President Obama on Friday brought in the July Fourth weekend with a hat-tip to the nation's founders and a hearty thanks to the nation's troops.

"You keep us safe," he said in his weekly radio address, "and you keep the United States of America a shining beacon of hope for the world."

Shedding politics and any tone of partisan bickering that's defined the year, the president highlighted the diversity of the nation's founding fathers: "There were farmers and businessmen, doctors and lawyers, ministers and a kite-flying scientist," he said. 

He gave a healthy nod to the venerable document that turned 238 years old Friday: "We are all endowed by our Creator with certain inalienable rights; and that among these rights are life, liberty and the pursuit of happiness."

And he credited the nation's adherence to that belief for making the United States what it is today.

"Over the years, that belief has sustained us through war and depression; peace and prosperity. It’s helped us build the strongest democracy, the greatest middle class, and the most powerful military the world has ever known," he said. "And today, there isn’t a nation on Earth that wouldn’t gladly trade places with the United States of America."

Yet Obama was also quick to warn that any successes have not come without great sacrifice, and a willingness to agitate for change.

"Our success is only possible because we have never treated those self-evident truths as self-executing. Generations of Americans have marched, organized, petitioned, fought and even died to extend those rights to others; to widen the circle of opportunity for others; and to perfect this union we love so much," he said.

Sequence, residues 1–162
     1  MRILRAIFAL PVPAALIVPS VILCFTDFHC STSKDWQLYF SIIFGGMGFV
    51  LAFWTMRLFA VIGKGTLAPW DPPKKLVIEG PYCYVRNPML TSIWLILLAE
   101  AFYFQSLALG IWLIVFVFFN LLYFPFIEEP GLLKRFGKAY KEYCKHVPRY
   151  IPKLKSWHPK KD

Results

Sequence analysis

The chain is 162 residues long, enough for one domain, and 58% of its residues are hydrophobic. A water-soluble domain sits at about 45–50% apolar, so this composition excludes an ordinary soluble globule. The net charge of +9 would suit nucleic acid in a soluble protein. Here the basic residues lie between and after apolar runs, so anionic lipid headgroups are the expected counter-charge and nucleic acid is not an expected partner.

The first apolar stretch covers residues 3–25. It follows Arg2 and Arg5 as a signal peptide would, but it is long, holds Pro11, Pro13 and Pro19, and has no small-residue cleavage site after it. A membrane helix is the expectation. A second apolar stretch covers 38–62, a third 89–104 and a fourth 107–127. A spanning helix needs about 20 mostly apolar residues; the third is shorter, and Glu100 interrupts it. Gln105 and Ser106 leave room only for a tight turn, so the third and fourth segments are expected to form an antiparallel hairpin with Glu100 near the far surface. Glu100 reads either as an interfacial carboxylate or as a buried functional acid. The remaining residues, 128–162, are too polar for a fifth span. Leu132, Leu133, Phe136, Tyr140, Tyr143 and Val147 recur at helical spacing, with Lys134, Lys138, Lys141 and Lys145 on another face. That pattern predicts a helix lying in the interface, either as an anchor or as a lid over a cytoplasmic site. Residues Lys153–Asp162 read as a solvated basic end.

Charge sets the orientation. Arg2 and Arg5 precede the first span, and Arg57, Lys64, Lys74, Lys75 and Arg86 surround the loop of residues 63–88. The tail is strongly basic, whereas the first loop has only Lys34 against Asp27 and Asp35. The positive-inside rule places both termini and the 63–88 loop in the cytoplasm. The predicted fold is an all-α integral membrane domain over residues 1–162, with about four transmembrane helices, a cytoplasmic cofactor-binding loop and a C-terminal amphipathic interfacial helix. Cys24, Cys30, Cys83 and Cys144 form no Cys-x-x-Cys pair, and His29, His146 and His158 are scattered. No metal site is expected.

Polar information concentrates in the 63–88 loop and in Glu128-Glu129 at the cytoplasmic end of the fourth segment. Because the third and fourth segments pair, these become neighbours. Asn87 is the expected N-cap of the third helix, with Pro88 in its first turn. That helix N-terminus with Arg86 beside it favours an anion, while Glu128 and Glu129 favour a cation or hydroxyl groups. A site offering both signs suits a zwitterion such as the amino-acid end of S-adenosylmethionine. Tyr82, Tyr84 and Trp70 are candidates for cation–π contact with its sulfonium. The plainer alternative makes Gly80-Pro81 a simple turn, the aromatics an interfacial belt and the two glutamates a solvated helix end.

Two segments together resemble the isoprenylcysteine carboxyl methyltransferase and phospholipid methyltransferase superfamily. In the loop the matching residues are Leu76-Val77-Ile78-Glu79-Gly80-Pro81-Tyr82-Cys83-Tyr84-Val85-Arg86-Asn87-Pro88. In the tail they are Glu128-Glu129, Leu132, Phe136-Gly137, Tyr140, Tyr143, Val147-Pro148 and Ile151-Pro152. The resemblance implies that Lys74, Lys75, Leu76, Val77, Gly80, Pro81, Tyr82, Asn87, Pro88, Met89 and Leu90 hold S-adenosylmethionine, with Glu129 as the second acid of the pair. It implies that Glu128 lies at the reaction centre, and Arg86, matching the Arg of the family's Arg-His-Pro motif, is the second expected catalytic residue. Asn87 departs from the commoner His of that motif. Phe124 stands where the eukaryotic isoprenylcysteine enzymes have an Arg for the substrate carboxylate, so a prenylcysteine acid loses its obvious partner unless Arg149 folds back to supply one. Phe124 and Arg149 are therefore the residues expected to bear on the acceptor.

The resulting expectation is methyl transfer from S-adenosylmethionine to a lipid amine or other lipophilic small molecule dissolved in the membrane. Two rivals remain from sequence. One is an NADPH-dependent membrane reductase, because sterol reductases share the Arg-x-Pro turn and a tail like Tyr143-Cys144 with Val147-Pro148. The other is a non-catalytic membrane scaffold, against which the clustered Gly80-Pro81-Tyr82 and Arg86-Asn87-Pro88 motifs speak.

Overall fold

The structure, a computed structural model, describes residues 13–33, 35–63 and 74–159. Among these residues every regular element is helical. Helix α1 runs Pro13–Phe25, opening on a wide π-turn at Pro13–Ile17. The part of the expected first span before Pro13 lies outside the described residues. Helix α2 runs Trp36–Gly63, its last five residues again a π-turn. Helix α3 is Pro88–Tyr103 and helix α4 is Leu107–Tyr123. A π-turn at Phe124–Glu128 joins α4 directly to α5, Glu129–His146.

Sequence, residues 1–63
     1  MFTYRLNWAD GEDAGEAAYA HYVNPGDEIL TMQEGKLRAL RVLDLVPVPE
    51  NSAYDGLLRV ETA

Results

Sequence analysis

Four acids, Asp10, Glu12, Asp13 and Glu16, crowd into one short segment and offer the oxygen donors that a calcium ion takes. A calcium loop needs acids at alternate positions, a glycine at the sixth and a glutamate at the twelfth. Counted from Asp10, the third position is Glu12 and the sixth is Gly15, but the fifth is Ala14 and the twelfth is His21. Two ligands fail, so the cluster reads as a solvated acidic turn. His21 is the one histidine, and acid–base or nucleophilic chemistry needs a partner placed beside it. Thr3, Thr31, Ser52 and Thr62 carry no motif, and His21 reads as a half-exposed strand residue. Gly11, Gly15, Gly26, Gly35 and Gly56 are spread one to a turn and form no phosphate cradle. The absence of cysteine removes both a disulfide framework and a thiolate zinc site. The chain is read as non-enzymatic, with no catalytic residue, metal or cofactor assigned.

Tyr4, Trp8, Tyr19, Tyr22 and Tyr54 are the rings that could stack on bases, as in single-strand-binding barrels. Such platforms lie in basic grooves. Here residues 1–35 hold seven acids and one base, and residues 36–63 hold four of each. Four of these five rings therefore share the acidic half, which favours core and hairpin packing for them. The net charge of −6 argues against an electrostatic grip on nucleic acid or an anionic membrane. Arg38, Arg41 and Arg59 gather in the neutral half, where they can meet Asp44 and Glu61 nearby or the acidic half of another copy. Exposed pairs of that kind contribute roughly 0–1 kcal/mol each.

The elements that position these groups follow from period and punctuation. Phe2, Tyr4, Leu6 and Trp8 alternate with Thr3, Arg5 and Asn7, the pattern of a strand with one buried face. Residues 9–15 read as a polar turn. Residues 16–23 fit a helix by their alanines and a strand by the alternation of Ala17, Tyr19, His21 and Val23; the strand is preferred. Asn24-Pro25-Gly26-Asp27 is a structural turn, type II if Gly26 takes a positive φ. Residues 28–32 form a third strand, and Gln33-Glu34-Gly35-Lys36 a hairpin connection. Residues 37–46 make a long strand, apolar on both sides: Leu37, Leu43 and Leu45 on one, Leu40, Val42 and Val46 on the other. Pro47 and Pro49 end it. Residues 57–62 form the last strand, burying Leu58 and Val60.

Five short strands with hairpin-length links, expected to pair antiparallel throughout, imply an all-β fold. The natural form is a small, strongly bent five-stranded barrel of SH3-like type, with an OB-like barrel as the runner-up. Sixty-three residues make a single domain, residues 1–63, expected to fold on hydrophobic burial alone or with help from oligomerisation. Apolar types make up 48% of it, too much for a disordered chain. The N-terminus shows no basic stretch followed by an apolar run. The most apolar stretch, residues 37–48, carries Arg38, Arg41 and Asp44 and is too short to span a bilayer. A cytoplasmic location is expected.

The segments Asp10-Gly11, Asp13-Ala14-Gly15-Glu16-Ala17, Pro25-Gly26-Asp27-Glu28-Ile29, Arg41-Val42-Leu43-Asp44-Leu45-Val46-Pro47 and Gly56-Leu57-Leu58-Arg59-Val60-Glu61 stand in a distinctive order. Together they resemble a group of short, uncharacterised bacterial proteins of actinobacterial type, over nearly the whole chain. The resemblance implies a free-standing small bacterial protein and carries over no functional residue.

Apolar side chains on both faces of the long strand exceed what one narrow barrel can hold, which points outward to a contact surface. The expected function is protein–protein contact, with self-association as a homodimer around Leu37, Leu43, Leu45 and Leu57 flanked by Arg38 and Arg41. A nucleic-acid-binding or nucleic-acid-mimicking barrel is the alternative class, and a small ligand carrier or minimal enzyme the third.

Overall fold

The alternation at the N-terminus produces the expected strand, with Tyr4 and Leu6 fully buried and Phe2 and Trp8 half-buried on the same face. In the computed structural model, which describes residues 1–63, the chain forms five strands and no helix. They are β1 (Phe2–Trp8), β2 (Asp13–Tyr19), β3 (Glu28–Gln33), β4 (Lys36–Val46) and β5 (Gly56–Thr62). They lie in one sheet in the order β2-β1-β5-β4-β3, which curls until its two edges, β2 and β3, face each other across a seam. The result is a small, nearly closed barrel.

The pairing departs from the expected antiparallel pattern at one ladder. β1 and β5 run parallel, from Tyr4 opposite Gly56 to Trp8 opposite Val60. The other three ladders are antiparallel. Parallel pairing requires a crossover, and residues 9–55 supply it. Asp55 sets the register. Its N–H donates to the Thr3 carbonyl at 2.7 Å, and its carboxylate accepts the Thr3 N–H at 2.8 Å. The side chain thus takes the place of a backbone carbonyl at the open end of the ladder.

"That’s why I want to say a special thanks to the men and women of our armed forces and the families who serve with them." 

Obama will mark the holiday by naturalizing a number of immigrants who have served in the military but are not citizens.

"That's how much they love this country,” Obama said Monday during a press conference on immigration from the Rose Garden. “They were prepared to fight and die for an America they did not yet fully belong to. I think they’ve earned their stripes in more ways than one.”

White House spokesman Josh Earnest said Thursday that the event is "appropriate" for the commander-in-chief on the nation's birthday.

"Giving them the opportunity to be naturalized and to get their official U.S. citizenship on Independence Day I think is a pretty compelling story," Earnest said.

July 4 also marks the birthday of Obama's eldest daughter, Malia, who turned 16 on Friday.